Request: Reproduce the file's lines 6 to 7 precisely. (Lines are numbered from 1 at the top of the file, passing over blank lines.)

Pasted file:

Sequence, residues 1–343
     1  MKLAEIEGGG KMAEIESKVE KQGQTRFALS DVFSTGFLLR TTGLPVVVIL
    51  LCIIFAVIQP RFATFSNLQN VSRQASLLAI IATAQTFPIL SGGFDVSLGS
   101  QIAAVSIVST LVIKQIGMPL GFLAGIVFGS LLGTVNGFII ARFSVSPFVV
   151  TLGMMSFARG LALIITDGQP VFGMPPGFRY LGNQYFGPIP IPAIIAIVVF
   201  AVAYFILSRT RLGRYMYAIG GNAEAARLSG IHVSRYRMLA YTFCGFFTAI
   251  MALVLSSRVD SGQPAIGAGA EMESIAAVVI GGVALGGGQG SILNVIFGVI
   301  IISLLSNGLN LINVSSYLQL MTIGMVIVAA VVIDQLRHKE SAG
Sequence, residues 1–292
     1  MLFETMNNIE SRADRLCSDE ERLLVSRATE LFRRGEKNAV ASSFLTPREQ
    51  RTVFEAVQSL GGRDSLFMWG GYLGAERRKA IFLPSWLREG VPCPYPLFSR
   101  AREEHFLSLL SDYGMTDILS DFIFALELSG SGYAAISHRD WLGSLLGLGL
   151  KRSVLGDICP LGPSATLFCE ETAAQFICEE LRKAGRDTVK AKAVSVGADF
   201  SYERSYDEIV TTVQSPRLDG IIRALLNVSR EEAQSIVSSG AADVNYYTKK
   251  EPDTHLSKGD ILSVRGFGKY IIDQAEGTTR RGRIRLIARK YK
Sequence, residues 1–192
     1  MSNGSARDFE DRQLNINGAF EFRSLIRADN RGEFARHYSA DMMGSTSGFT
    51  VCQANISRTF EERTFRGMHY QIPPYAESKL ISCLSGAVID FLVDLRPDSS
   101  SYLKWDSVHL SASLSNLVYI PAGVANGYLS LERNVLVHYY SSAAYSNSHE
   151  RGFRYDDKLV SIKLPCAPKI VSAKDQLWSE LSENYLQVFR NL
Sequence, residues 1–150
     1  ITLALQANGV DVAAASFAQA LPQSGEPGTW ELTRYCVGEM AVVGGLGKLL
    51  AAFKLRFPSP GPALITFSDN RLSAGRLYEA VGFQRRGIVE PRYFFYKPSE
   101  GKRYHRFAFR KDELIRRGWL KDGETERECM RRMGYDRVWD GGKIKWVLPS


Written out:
   201  AVAYFILSRT RLGRYMYAIG GNAEAARLSG IHVSRYRMLA YTFCGFFTAI
   251  MALVLSSRVD SGQPAIGAGA EMESIAAVVI GGVALGGGQG SILNVIFGVI